New Zealand wind grass
Avena filiformis G.Forst., Agrostis filiformis (G.Forst.) Spreng., Calamagrostis filiformis (G.Forst.) Cockayne, Deyeuxia filiformis (G.Forst.) Petrie, Agrostis avenacea J.F.Gmel., Agrostis forsteri Roem. et Schult., Deyeuxia forsteri (Roem. et Schult.) Kunth, Agrostis solandri F.Muell.
Vascular – Native
The National Vegetation Survey (NVS) Databank is a physical archive and electronic databank containing records of over 94,000 vegetation survey plots - including data from over 19,000 permanent plots. NVS maintains a standard set of species code abbreviations that correspond to standard scientific plant names from the Ngä Tipu o Aotearoa - New Zealand Plants database.
2n = 56
Current conservation status
The conservation status of all known New Zealand vascular plant taxa at the rank of species and below were reassessed in 2017 using the New Zealand Threat Classification System (NZTCS). This report includes a statistical summary and brief notes on changes since 2012 and replaces all previous NZTCS lists for vascular plants. Authors: By Peter J. de Lange, Jeremy R. Rolfe, John W. Barkla, Shannel P. Courtney, Paul D. Champion, Leon R. Perrie, Sarah M. Beadel, Kerry A. Ford, Ilse Breitwieser, Ines Schönberger, Rowan Hindmarsh-Walls, Peter B. Heenan and Kate Ladley.
2012 | Not Threatened
Previous conservation statuses
2009 | Not Threatened
2004 | Not Threatened
Indigenous. Common throughout New Zealand. Found in Australia and on many of the Pacific Islands
Coastal to subalpine. Widespread in a variety of open situations and often found as an urban weed, especially in waste land around puddles and in muddy ground. Common around lakes, and fringing ponds, streams and on wetland margins. An opportunistic species that has probably increased its range following human settlement.
Rather variable, usually slender, upright, tufted, glaucous green, light green to yellow green, annual or short-lived perennial grass up to 700 mm tall; whole plant usually withering early and culms not breaking up below panicle. Branching intravaginal. Leaf-sheath firmly membranous, distinctly ribbed, glabrous below, very finely scabrid above. light green, later light brown. Ligule 1-5 mm, oblong, rounded or tapered, later lacerate, undersides with sparse prickle-teeth. Leaf-blade 25-200 x 1.5-3.0 mm, usually flat, sometimes involute and 0.5-1.0 mm diameter, glabrous, or ribs scabrid; margins very finely scabrid, apex finely acute. Culm 100-350 mm, erect to spreading, internodes usually densely, minutely scabrid, occasionally smooth. Panicle 90-300 x 5-250 mm, yellow green, faintly purple-green drying white, delicate, enclosed at base by the uppermost leaf-sheath, at first contracted, later very lax; branches filiform, numerous, unequal, very finely scabrid, primary branches naked for much of length, with spikelets in clusters of 2-many, towards tips of the much shorter capillary secondary branches. Spikelets 2.5-4.2 mm, pale silvery green to purplish. Glumes subequal, acute to acuminate, usually glabrous, membranous, very narrow linear-lanceolate, lower glume usually slightly longer and more acuminate; keel scabrid. Lemma 1.3-2.3 mm long, one half to two-thirds length of glumes, 5-nerved, moderately covered with very short hairs, oblong-ovate, glabrous near hyaline, truncate, erose apex, lateral nerves very short excurrent; awn 3-6 mm geniculate, more or less mid-dorsal or form c. upper one third. Pale three-quarters - four-fifths length of lemma, keels 0.1 mm apart, apex subobtuse. Callus ringed by minute hairs 0.3-0.4 mm, to one quarter of lemma. Rachilla prolongation absent or 0.3 mm long tipped with hairs to 0.8 mm long. Lodicules 0.5-0.9 mm,linear, acute. Anthers 0.2-0.3 mm. Seed 0.8-1.3 x 0.3-0.5 mm long.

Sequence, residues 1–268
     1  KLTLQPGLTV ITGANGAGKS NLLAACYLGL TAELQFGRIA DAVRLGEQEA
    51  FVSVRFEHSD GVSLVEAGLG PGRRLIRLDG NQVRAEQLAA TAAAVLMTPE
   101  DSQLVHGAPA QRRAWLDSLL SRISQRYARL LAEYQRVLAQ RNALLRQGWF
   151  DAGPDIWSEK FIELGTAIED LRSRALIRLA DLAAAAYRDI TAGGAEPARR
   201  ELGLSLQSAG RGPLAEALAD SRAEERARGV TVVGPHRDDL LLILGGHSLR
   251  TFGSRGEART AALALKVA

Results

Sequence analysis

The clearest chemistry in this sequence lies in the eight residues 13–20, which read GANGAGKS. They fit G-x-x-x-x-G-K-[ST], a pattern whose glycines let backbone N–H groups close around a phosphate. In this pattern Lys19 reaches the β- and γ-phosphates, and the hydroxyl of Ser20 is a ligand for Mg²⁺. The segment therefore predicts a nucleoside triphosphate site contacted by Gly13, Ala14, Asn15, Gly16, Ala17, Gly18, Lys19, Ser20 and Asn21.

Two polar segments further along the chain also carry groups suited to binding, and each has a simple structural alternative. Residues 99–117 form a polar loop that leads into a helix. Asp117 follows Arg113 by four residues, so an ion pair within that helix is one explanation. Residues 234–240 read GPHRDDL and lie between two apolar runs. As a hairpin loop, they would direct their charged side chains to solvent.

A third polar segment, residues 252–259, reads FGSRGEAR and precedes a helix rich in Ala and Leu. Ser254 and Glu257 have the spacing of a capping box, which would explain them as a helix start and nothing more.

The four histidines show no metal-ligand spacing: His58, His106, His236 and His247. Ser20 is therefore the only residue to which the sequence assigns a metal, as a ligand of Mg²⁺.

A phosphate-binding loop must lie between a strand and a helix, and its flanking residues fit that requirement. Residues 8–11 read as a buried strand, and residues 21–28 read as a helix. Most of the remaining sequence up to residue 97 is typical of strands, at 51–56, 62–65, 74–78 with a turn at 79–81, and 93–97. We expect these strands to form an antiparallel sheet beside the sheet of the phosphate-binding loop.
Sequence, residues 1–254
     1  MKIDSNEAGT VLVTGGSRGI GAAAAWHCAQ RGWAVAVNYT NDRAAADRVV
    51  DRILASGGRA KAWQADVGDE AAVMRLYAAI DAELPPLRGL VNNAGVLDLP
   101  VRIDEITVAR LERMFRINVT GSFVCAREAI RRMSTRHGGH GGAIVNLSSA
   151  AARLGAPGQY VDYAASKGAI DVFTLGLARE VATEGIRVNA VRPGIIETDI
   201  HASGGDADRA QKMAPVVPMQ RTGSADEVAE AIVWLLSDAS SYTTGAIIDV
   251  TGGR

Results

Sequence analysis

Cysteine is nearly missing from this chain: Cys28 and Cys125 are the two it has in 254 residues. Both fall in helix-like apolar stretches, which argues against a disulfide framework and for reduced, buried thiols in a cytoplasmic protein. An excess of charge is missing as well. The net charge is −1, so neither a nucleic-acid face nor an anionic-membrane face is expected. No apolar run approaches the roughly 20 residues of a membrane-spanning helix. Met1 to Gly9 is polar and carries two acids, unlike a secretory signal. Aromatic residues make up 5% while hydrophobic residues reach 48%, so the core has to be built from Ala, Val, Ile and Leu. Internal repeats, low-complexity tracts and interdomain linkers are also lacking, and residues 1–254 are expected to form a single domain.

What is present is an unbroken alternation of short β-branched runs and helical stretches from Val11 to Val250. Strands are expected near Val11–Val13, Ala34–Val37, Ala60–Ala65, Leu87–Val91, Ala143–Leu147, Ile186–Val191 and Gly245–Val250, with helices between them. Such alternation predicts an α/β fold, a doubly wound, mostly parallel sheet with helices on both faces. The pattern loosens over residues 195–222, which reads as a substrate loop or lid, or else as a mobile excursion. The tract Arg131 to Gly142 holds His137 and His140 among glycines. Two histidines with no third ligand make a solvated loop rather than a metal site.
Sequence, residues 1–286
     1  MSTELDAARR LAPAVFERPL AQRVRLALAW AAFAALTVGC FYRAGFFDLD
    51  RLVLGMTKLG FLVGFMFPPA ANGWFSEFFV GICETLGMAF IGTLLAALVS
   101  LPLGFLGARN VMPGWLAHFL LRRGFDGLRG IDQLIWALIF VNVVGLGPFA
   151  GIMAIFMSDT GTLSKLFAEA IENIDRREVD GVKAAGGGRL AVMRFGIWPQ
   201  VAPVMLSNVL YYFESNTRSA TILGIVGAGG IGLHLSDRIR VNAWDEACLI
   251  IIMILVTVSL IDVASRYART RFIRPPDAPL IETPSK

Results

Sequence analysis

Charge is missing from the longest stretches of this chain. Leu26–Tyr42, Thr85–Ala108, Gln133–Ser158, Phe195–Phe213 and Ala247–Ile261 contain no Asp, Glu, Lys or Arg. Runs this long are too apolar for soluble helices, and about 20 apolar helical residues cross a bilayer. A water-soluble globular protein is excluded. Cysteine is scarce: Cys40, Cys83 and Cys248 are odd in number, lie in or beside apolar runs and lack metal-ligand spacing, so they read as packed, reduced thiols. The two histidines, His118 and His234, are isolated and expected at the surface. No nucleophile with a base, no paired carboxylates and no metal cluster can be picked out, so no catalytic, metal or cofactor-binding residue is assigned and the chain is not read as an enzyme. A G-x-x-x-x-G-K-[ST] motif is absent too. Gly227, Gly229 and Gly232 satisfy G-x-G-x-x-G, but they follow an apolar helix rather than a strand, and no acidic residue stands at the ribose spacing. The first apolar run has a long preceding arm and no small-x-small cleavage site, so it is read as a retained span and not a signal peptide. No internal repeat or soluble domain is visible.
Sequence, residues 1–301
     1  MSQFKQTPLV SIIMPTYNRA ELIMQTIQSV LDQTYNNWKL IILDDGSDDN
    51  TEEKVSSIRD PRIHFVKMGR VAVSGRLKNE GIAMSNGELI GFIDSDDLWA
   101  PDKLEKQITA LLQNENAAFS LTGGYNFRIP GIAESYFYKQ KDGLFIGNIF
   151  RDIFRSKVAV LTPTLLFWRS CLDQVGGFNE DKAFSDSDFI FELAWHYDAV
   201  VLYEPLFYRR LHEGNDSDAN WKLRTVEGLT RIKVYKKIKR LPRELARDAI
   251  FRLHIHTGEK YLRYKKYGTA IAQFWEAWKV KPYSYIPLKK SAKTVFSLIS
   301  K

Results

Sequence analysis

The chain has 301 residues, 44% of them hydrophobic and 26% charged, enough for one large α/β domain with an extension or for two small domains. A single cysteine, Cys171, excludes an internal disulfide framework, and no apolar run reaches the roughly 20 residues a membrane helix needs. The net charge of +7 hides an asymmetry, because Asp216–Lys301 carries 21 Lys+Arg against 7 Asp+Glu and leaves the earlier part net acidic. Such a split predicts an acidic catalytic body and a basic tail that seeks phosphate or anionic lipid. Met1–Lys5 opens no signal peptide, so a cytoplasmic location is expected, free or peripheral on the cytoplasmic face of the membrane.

Allied to L. littoralis (Hack) Edgar and one of a group of Lachnagrostis with geniculate awns and intravaginal branching. It is distinguished from all of these by its annual to short-lived perennial habit, delicate panicle and very narrow leaves (0.5-3.0 mm wide). From L. littoralis it differs by the obviously unequal lengths of the naked primary and secondary panicle branches, and by the lemma usually 1.3-2.0 mm (cf. 1.8-3.0 mm long in L. littoralis) and anthers 0.2-0.5 rather than 0.4-0.7 mm long. Lachnagrostis littoralis subsp. littoralis (and most populations of subsp. salaria Edgar) is strictly coastal and a much smaller, more delicate usually strictly annual grass than L. filiformis.
September - April
October - June
Easy from fresh seed, and infact, can be very weedy.
lachnagrostis: From “lachne” (wool) referring to the distinctive callus hairs of this genus and “agrostis” by which Trinius (1820) actually meant “a grass” (not an Agrostis). So the generic name means “a hairy (woolly) grass” not “a hairy (woolly) Agrostis” as is often incorrectly stated (see Gardner 2014).
filiformis: From the Latin filum ‘thread’ and forma ‘shape’, meaning thread-shaped
Where To Buy
Not commercially available. Quite weedy and can be found growing in urban and industrial areas.
Fact Sheet for NZPCN by P.J. de Lange 27 June 2006. Description modified from Edgar and Connor (2000)
References and further reading
Edgar, E.; Connor, H.E. 2000: Flora of New Zealand. Vol. V. Grasses. Christchurch, Manaaki Whenua Press. 650 pp.
Gardner, R.O. 2014: Notes on the wind grass Lachnagrostis filiformis (Poaceae). Auckland Botanical Society Journal 69: 168-170.
Trinius, C.B. 1820: Fundamenta Agrostographiae. J.G.Huebner, Vienna.
NZPCN Fact Sheet citation
Please cite as: de Lange, P.J. (Year at time of access): Lachnagrostis filiformis Fact Sheet (content continuously updated). New Zealand Plant Conservation Network. https://www.nzpcn.org.nz/flora/species/lachnagrostis-filiformis/ (Date website was queried)